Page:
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Anamorphosis is a distorted projection or perspective requiring the viewer to use special devices or occupy a specific vantage point to reconstitute the image. The word "anamorphosis" is derived from the Greek prefix ana‑, meaning back or again, and the word morphe, meaning shape or form.
Types of projection
There are two main types of anamorphosis: perspective (oblique) and mirror (catoptric).
Examples of perspectival anamorphosis date to the early Renaissance (fifteenth century). Examples of mirror anamorphosis were first seen in the late Renaissance (sixteenth century).
With mirror anamorphosis, a conical or cylindrical mirror is placed on the drawing or painting to transform a flat distorted image into a three-dimensional picture that can be viewed from many angles. The deformed image is painted on a plane surface surrounding the mirror. By looking uniquely into the mirror, the image appears undeformed. This process of anamorphosis makes it possible to diffuse caricatures, erotic and scatological scenes and scenes of sorcery for a confidential public.
Leonardo's Eye (Leonardo da Vinci, c. 1485) is the earliest known definitive example of perspective anamorphosis in modern times. The prehistoric cave paintings at Lascaux may also possess this technique because the oblique angles of the cave would otherwise result in distorted figures from a viewer's perspective.
Hans Holbein the Younger is well known for incorporating this type of anamorphic trick. His painting The Ambassadors is the most famous example for anamorphosis, in which a distorted shape lies diagonally across the bottom of the frame. Viewing this from an acute angle transforms it into the plastic image of a skull. During the seventeenth century, Baroque trompe l'oeil murals often used this technique to combine actual architectural elements with an illusion. When standing in front of the art work in a specific spot, the architecture blends with the decorative painting. The dome and vault of the Church of St. Ignazio in Rome, painted by Andrea Pozzo, represented the pinnacle of illusion. Due to neighbouring monks complaining about blocked light, Pozzo was commissioned to paint the ceiling to look like the inside of a dome, instead of building a real dome. As the ceiling is flat, there is only one spot where the illusion is perfect and a dome looks real.
Anamorphosis could be used to conceal images for privacy or personal safety. A secret portrait of Bonnie Prince Charlie, held at the West Highland Museum, Scotland, is painted in a distorted manner on a tray and can only be recognised when a polished cylinder is placed in the correct position. To possess such an image would have been seen as treachery in the aftermath of the 1746 Battle of Culloden.
In the eighteenth and nineteenth centuries, anamorphic images had come to be used more as children's games than fine art. In the twentieth century some artists wanted to renew the technique of anamorphosis. Marcel Duchamp was interested in anamorphosis, and some of his installations are "visual paraphrases" of anamorphoses (See The Bride Stripped Bare by Her Bachelors, Even/The Large Glass). Jan Dibbets conceptual works, the so-called "perspective corrections" are examples of "linear" anamorphoses. In the late twentieth century, mirror anamorphosis was revived as children's toys and games.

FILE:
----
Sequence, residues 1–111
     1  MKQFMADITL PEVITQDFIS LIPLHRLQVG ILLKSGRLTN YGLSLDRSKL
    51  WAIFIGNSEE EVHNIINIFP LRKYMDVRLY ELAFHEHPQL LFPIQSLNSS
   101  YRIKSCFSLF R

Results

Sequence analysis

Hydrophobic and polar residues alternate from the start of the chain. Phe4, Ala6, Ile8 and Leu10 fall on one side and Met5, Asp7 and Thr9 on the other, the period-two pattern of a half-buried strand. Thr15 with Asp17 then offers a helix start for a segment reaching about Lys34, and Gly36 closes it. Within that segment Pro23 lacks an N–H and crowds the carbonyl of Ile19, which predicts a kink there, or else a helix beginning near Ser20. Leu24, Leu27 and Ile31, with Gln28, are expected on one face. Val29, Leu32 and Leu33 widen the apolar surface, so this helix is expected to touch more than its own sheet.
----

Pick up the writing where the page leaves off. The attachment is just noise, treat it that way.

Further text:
Surrealist artist Salvador Dalí used extreme foreshortening and anamorphism in his paintings and works, including a 3-dimensional anamorphic living-room installation with custom furniture that looks like the face of Mae West when viewed from a certain spot.:156:28
Anamorphic effects in the work of contemporary artists
The Swedish artist Hans Hamngren produced and exhibited many examples of mirror anamorphosis in the 60s and 70s. Shigeo Fukuda, a Japanese artist, designed both types of anamorphosis in the 70s and 80s. Patrick Hughes (artist), Fujio Watanabe, William Kentridge, István Orosz, Felice Varini, Matthew Ngui, Kelly Houle, Nigel Williams[disambiguation needed], and Judy Grace are fine artists creating anamorphic images. Currently, Myrna Hoffman designs anamorphoses for children's interactive toys.
From 2006, artist Jonty Hurwitz pioneered the area of anamorphic sculpture using mathematical techniques and 3D printing. His work rose to fame in early 2013 when it was blogged by art critic Christopher Jobson on his Webby Award-winning site Colossal. Hurwitz's work went viral on the internet, receiving 30 million views online. The Savoy Hotel went on to take on Hurwitz as artist in residence to produce an anamorphic for their iconic River Room where they opened their restaurant called Kaspars.
Another form of anamorphic art is often called "Slant Art". Examples are the sidewalk chalk paintings of Kurt Wenner and Julian Beever where the chalk painting, the pavement and the architectural surroundings all become part of an illusion. Art of this style can be produced by taking a photograph of an object or setting at a sharp angle, then putting a grid over the photograph, another, elongated grid on the footpath based on a specific perspective, and reproducing exactly the contents of one into the other, one square at a time.